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Scientists witness apparent black hole birth

For the first time, scientists believe they have witnessed the birth of a black hole.
The evidence began arriving 30 years ago from a star 50 million light-years away that had imploded, setting into motion events that created a region where gravity is so great that nothing can escape, even light.
The initial 1979 observation of the exploding star was made by an amateur astronomer from Western Maryland, but the profession's top scientists have studied it intently with increasingly sophisticated orbiting X-ray telescopes.

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NASA's Chandra Finds Youngest Nearby Black Hole

Astronomers using NASA's Chandra X-ray Observatory have found evidence of the youngest black hole known to exist in our cosmic neighbourhood. The 30-year-old black hole provides a unique opportunity to watch this type of object develop from infancy.
The black hole could help scientists better understand how massive stars explode, which ones leave behind black holes or neutron stars, and the number of black holes in our galaxy and others.
The 30-year-old object is a remnant of SN 1979C, a supernova in the galaxy M100 approximately 50 million light years from Earth. Data from Chandra, NASA's Swift satellite, the European Space Agency's XMM-Newton and the German ROSAT observatory revealed a bright source of X-rays that has remained steady during observation from 1995 to 2007. This suggests the object is a black hole being fed either by material falling into it from the supernova or a binary companion.

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Supernova 1979C
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Title: Evidence for a Black Hole Remnant in the Type IIL Supernova 1979C
Authors: D.J. Patnaude, A. Loeb, C. Jones
(Version v2)

We present an analysis of archival X-ray observations of the Type IIL supernova SN 1979C. We find that its X-ray luminosity is remarkably constant at (6.5 ±0.1) x 10^{38} erg/s. The high and steady luminosity is evidence for a stellar-mass (~5-10 solar mass black hole accreting material from either a supernova fallback disk or possibly from a binary companion. We find that the bright and steady X-ray light curve is not consistent with either a model for a supernova powered by magnetic braking of a rapidly rotating magnetar, or a model where the blast wave is expanding into a dense circumstellar wind.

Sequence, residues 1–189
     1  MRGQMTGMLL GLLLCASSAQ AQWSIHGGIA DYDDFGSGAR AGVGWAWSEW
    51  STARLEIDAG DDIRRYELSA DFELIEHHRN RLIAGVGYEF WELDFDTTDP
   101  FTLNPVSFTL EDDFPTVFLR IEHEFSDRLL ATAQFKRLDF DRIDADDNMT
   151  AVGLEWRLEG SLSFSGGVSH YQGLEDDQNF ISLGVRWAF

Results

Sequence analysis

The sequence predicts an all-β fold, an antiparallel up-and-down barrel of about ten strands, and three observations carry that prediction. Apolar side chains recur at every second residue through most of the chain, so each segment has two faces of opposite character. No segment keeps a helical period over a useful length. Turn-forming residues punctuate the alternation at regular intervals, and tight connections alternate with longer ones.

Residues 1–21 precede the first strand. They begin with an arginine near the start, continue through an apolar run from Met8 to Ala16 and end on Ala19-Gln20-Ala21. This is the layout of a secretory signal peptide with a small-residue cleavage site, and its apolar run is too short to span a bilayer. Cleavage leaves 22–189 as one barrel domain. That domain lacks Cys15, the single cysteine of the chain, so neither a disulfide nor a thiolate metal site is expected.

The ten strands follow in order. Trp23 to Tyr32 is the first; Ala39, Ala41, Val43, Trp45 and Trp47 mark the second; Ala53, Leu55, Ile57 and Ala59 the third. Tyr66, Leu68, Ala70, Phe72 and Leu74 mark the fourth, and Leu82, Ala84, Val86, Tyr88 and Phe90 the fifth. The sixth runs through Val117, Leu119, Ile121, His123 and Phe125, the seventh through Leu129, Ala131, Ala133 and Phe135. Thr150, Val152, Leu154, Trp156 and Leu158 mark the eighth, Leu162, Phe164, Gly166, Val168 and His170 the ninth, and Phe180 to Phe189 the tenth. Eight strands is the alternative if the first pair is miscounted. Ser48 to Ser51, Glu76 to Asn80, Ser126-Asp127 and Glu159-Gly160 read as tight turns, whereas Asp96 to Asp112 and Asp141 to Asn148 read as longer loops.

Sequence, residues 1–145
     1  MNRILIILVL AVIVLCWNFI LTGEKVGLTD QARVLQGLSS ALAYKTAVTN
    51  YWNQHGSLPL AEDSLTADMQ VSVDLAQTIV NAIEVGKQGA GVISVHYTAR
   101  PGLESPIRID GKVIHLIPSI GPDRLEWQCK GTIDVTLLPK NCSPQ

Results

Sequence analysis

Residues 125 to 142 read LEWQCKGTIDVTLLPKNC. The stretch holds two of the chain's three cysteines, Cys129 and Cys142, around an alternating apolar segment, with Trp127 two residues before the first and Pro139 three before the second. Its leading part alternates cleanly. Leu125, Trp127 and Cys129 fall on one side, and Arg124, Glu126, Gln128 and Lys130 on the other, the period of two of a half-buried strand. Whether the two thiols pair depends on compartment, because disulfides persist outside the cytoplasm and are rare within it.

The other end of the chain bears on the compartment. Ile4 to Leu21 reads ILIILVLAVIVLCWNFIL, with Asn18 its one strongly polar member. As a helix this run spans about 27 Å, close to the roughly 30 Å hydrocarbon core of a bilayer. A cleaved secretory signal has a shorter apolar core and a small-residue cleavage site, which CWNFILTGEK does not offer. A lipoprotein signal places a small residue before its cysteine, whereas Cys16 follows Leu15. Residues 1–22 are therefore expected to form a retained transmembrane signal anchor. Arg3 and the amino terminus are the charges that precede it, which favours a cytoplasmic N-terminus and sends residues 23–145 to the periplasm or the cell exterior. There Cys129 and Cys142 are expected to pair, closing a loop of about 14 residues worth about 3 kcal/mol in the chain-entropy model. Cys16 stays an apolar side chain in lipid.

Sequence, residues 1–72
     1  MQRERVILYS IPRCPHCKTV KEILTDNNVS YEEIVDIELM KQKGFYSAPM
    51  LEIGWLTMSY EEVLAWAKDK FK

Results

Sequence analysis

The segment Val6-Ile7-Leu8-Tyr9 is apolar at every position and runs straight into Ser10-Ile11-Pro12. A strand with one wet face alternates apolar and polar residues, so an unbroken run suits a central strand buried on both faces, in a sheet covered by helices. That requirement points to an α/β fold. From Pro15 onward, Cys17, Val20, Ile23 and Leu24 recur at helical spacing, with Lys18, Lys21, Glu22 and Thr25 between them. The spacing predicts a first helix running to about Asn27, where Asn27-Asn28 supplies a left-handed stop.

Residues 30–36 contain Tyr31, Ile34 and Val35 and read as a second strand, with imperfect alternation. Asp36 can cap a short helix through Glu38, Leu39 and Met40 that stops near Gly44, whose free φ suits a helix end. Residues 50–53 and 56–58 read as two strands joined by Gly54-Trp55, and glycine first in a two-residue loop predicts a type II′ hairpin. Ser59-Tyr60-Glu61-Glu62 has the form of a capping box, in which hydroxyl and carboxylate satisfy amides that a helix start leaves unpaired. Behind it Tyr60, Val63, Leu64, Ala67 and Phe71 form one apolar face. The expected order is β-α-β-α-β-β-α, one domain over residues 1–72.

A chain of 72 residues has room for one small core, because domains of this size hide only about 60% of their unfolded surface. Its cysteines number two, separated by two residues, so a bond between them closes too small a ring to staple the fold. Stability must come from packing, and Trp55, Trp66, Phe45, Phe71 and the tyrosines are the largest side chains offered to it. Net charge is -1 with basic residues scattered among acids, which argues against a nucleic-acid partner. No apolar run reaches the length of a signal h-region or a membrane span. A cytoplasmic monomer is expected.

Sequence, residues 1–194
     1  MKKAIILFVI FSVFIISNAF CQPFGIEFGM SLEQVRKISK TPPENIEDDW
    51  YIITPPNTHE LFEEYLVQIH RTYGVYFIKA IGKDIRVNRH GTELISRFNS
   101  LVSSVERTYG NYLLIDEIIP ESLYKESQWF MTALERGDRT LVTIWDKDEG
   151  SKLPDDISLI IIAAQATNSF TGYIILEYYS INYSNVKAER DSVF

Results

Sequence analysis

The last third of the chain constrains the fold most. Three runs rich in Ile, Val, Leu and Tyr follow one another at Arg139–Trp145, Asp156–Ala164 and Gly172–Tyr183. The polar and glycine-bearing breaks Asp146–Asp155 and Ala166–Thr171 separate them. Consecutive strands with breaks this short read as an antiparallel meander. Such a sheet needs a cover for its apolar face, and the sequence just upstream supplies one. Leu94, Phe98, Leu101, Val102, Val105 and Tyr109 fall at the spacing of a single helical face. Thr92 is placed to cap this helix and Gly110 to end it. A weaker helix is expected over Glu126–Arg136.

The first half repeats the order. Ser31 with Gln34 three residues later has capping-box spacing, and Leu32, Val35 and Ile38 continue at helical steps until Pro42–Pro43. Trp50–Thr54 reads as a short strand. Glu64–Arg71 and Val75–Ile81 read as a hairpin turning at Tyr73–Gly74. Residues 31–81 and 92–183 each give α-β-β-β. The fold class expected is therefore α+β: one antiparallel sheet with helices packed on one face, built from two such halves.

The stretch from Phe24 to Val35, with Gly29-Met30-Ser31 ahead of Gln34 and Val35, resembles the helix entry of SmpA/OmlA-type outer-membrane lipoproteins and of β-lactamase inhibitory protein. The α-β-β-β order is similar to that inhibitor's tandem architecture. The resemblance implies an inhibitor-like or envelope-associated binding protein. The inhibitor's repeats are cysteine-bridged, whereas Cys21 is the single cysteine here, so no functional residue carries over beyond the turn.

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Scientists have found that the type II supernova SN 1979C that exploded in 1979 in the galaxy M100 is as bright today in X-ray light as it was when it was discovered years ago, a surprise finding because such objects usually fade significantly after only a few months.

Using ESA’s XMM-Newton space observatory, a team of astronomers has discovered that this supernova, called SN 1979C, shows no sign of fading. The scientists can document a unique history of the star, both before and after the explosion, by studying rings of light left over from the blast, similar to counting rings in a tree trunk.

M100 is one of the brightest member galaxies of the Virgo Cluster of galaxies, and lies 60000 kly away.
The spiral galaxy, like our Milky Way, is tilted nearly face-on as seen from earth.
Four supernovae have been observed in M100:
• 1901B, a type I, mag 15.6 in March 1901;
• 1914A of undetermined type, mag 15.7 in Feb/Mar 1914;
• 1959E of type I, mag 17.5 in Aug/Sep 1959, 58"E and 21"S of the nucleus, discovered February 21, 1960 and observed through June 17, 1960; and
• 1979C of type II, mag 11.6 on April 15, 1979, which however faded quickly.



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This is an image of X-ray light from the galaxy M100. No longer do we see the prominent spiral arms of the galaxy, apparent in optical images. Instead, the X-ray image reveals high-energy activity throughout the galaxy. The most active region is the galaxy centre.